Utah Divorce Law
Download completed Utah divorce forms based upon the answers you provide in the online interview. We provide Utah State Approved downloadable Utah divorce kits, complete with divorce instructions, to allow you to obtain a divorce in Utah. Download your uncontested or no fault Utah divorce papers and eliminate any divorce attorney. Click the Start Now button and begin your online divorce today.
Divorce Residency Essentials to Get Divorce in Utah
The spouse filing for divorce must have been a resident of Utah (or a member of the Armed Forces stationed in Utah) and a resident for more than three months immediately prior to filing of the county where the divorce is filed. In addition, there is a 90-day waiting period after filing before a divorce will be granted. [Utah Code Annotated; Sections 30-3-1 and 30-3-18].
Reasons for Divorce in Utah
There are mainly two reasons of divorce in Utah those are fault and general.In order to file for divorce in Utah, the proper grounds must be established. Both spouses are involved in establishing these grounds, and both must substantiate and agree upon these, unless the divorcing spouse is trying to prove otherwise to the court.
No-fault grounds for a divorce in Utahinclude:
- Irreconcilable differences of the marriage or
- Living separate and apart without cohabitation for three years under a judicial decree of separation. [Utah Code Annotated; Section 30-3-1].
General reasons fordivorce in Utahinclude:
- Conviction of a felony;
- Willful desertion for one year;
- Cruel and inhuman treatment;
- Willful neglect;
- Incurable insanity; and
- Habitual intemperance (drunkenness). [Utah Code Annotated; Section 30-3-1].
Custody of the Children in Utah
Joint or sole child custody is determined according to the best interests of the child and after a consideration of the following factors:
- The past conduct and moral standards of the parents;
- The welfare of the child;
- The child’s preference;
- Which parent is likely to act in the best interests of the child; and
- Which parent is likely to allow frequent and continuing contact with the other parent.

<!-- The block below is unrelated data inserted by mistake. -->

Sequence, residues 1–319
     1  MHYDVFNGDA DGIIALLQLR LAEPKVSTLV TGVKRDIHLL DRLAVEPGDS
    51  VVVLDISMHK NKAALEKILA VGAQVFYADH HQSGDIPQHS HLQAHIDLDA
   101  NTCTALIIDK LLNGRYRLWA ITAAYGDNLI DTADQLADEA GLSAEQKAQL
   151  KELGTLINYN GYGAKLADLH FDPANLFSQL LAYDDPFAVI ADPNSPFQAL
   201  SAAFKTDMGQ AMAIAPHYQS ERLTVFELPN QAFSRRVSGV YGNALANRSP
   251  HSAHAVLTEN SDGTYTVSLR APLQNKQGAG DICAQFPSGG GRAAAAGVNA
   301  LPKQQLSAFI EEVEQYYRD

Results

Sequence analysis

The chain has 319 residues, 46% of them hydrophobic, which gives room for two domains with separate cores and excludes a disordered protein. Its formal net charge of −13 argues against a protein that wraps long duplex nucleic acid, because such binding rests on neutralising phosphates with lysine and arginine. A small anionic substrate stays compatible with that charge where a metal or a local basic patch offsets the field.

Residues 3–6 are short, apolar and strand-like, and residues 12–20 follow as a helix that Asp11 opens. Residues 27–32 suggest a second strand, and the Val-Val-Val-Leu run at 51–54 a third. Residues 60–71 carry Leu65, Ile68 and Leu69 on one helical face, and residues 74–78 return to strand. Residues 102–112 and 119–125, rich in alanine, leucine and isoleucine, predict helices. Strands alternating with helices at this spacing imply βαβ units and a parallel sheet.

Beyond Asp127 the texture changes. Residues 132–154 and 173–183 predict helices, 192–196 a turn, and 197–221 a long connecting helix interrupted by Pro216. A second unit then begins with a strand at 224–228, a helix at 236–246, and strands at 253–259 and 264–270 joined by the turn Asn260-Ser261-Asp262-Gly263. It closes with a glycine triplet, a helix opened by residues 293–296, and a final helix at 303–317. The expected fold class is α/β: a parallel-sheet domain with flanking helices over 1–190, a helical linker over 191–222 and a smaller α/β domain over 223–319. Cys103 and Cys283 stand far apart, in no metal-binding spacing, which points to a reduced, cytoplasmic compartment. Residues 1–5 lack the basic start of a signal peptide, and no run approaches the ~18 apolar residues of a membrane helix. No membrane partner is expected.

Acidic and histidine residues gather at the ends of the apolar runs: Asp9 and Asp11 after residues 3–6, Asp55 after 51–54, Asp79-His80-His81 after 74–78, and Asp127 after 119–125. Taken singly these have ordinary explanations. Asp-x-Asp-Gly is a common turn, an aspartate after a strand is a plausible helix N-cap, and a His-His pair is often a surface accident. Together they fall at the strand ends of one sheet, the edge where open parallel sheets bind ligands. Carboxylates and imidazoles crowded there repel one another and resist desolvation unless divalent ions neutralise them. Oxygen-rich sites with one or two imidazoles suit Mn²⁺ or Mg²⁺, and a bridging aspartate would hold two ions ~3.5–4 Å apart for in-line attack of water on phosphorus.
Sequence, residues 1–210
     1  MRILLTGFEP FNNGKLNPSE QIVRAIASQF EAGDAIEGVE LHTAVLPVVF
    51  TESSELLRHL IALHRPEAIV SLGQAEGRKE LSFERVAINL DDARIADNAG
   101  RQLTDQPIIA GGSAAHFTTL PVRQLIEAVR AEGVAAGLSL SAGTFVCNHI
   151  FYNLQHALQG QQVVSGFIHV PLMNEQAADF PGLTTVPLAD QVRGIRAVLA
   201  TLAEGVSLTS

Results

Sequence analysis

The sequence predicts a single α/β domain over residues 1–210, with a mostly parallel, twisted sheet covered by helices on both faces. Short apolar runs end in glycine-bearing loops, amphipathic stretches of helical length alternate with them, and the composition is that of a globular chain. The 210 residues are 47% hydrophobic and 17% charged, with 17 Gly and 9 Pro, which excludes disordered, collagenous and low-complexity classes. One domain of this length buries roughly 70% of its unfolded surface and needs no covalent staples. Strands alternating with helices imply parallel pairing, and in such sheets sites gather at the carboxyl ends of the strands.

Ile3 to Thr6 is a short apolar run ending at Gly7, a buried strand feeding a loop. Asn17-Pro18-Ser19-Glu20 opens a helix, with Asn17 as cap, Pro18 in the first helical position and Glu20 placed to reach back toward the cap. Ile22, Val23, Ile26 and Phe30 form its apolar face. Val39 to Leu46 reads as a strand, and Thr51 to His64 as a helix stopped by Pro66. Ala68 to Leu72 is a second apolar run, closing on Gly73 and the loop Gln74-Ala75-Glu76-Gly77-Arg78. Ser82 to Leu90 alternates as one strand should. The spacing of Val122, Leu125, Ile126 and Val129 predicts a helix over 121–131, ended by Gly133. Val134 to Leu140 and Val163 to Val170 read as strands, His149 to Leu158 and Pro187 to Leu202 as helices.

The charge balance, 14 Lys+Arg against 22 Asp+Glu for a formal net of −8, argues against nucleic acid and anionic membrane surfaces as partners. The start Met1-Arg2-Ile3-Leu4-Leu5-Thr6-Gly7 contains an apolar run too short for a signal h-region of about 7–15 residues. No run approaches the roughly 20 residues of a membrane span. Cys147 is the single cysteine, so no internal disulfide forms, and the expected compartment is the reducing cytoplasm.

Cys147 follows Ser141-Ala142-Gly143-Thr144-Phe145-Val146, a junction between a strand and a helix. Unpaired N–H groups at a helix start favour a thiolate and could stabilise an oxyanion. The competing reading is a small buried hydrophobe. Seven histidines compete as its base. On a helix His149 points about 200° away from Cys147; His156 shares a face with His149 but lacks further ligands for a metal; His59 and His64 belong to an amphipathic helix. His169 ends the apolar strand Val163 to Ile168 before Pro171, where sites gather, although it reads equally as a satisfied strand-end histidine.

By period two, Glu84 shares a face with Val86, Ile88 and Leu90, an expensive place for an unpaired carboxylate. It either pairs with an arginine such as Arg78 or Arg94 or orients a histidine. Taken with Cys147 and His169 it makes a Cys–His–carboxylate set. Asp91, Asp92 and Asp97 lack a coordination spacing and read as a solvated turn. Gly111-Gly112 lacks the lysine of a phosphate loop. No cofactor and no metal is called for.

If there is an allegation of child abuse by either spouse, the court must order an investigation by the Division of Family Services or the Utah Department of Human Services.
Joint custody may be ordered if:
- It will be in the best interests of the child and
- Both parents agree to joint custody; or
- Both parents filed a parenting plan for joint custody; and it is based upon a consideration of the following factors:
- Whether the physical, psychological, or emotional needs and development of the child will benefit;
- The ability of the parents to give first priority to the welfare of the child and reach shared decisions in the child’s best interests;
- Whether each parent can encourage and accept a positive relationship between the child and the other parent;
- Whether both parents participated in child-rearing before the filing of the divorce;
- The geographical proximity of the homes of the parents;
- If the child is of sufficient age and maturity, the preference of the child;
- The maturity of the parents and their willingness and ability to protect the child from conflict that may arise between the parents;
- Spousal or child abuse;
- Ability to cooperate; and
- Any other factor that the court finds relevant.
The court may not discriminate against a parent with a disability when considering custody issues. The court may order that dispute resolution be attempted prior to any enforcement or modification of custody terms. There are also advisory visitation guidelines in the statutes. [Utah Code Annotated; Sections 30-2-10, 30-3-5, 30-3-5.2, 30-3-10, 30-3-10.1, 30-3-10.2, 30-3-10.3, and 30-3-33].